Bernadete Amado, InhotimPorBernadeteAmado, CC BY 3.0
Yayoi Kusama’s Narcissus Garden consisting of 1,500 mirrored stainless steel spheres, was also exhibited at London and New York in 2018.
Inhotim in Brazil: bye:myself - Renata Green - byemyselftravels
Outdoorsy art by Edgard De Souza – being untitled gives it a pretty long title: Sem título, 2000; Sem título, 2002; Sem título (Bronze 5)
Zhang Huan
Gui Tuo Bei
Inhotim in Brazil: bye:myself - Renata Green - byemyselftravels
Jorge Macchi’s Piscina ran out of Ns.
The pools – this one outdoors and the indoor pool at Galeria Cosmococa – can be actually used by the visitors.
Inhotim in Brazil: bye:myself - Renata Green - byemyselftravels
“Wait”, the weather god said “Chris Burdon’s Beam Drop Inhotim looks even more dramatic in the backdrop of dark clouds.” This sculpture is made of 72 steel beams dropped 45 meters from 150-foot-high cranes into a pit filled with wet cement.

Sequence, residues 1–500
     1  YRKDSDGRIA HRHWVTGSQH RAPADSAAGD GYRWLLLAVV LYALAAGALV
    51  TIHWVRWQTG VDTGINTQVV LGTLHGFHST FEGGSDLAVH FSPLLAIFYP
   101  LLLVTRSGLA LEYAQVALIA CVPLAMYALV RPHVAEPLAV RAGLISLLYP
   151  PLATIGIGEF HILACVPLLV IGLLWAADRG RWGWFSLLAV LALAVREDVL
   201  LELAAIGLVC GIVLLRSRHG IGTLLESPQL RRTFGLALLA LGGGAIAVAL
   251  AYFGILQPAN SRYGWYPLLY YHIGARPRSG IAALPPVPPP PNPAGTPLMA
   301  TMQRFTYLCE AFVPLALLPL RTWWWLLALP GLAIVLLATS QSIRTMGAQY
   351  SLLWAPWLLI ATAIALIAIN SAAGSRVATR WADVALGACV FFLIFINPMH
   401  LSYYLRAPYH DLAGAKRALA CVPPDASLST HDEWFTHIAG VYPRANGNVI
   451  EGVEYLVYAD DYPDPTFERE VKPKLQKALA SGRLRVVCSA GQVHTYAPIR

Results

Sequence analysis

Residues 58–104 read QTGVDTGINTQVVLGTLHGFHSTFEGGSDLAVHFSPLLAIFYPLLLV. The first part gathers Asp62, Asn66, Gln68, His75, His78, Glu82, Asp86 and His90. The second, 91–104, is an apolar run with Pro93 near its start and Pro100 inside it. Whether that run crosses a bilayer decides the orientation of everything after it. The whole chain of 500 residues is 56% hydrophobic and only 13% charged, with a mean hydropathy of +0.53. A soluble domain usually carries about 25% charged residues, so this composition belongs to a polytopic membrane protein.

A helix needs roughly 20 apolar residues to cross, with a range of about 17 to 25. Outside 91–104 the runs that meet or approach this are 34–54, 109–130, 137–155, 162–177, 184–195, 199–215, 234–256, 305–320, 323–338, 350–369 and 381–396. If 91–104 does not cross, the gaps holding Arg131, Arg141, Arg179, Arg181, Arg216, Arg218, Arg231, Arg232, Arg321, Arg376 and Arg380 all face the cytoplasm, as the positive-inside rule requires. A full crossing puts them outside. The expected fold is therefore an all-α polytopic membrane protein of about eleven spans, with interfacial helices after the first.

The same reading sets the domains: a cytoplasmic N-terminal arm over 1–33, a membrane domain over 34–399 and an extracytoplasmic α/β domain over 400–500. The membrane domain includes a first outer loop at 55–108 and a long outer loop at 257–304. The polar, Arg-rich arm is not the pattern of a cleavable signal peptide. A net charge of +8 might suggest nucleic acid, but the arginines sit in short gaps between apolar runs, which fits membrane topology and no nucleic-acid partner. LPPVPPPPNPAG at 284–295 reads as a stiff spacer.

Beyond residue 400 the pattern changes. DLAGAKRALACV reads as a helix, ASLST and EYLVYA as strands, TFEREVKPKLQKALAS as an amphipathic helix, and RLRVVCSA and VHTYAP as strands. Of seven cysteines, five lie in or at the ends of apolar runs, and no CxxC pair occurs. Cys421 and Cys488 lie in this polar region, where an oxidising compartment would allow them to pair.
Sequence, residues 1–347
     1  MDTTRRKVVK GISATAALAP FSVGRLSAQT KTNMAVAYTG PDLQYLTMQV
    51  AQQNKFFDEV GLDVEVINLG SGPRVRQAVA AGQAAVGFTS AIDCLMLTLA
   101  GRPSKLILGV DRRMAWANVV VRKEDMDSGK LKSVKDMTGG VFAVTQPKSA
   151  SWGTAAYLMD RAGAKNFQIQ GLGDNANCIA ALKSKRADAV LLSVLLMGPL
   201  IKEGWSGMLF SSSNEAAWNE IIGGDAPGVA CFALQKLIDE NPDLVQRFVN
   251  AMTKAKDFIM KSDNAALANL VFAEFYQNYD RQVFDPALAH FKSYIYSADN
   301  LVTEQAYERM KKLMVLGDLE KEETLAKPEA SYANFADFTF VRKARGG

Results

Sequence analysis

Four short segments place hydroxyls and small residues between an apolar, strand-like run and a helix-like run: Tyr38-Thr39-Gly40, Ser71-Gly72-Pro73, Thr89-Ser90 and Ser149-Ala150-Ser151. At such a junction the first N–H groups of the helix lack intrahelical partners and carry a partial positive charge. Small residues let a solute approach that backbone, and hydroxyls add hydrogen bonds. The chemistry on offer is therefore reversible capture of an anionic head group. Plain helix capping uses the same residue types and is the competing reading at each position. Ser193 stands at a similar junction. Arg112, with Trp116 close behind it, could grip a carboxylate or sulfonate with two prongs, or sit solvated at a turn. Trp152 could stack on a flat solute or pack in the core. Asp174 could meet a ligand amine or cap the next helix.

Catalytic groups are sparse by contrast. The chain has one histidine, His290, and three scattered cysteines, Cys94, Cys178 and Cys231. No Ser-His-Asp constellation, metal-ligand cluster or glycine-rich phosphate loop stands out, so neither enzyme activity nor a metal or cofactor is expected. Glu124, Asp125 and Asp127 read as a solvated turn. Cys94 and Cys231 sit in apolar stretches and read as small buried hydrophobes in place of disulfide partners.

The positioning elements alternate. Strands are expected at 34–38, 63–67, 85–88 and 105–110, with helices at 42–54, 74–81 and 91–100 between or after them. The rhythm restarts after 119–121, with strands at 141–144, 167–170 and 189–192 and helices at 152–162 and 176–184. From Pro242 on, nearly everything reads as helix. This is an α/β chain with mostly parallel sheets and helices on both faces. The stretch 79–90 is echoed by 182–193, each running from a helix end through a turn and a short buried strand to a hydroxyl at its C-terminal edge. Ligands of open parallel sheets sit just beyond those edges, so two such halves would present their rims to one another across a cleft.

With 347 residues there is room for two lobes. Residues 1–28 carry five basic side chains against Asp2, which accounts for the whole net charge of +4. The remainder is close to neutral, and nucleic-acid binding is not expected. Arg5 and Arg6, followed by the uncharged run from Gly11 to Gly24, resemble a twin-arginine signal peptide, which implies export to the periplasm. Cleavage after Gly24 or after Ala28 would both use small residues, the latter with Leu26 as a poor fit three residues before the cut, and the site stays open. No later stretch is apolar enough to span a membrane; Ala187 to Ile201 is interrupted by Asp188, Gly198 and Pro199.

The admirer reflected in the admired: Taking a picture of Cristina Iglesias’ open-air gallery Vegetation Room
Inhotim in Brazil: bye:myself - Renata Green - byemyselftravels
And another artsy selfie: Standing in Dan Graham’s Bisected Triangle taking a picture of my reflection and the incredible view. 

How to get there

By public bus: A one-way ticket from the central bus station in Belo Horizonte to the town center of Brumadinho costs R$ 22,15. There are buses at 7 a. m., 11 a. m.  – on Sundays, this bus leaves already at 10 a. m.! – and 3 p. m.  The ride takes about 90 minutes and you can buy your ticket also in advance through the Saritur website.

John Ahearn’s sculptural murals are showing you where to arrive: At the Rodoviária de Brumadinho, the bus station of Brumadinho

Once you arrive at Brumadinho, you can either take a cab, a local bus, or you just walk. From the village center, it’s about 20 to 30 minutes.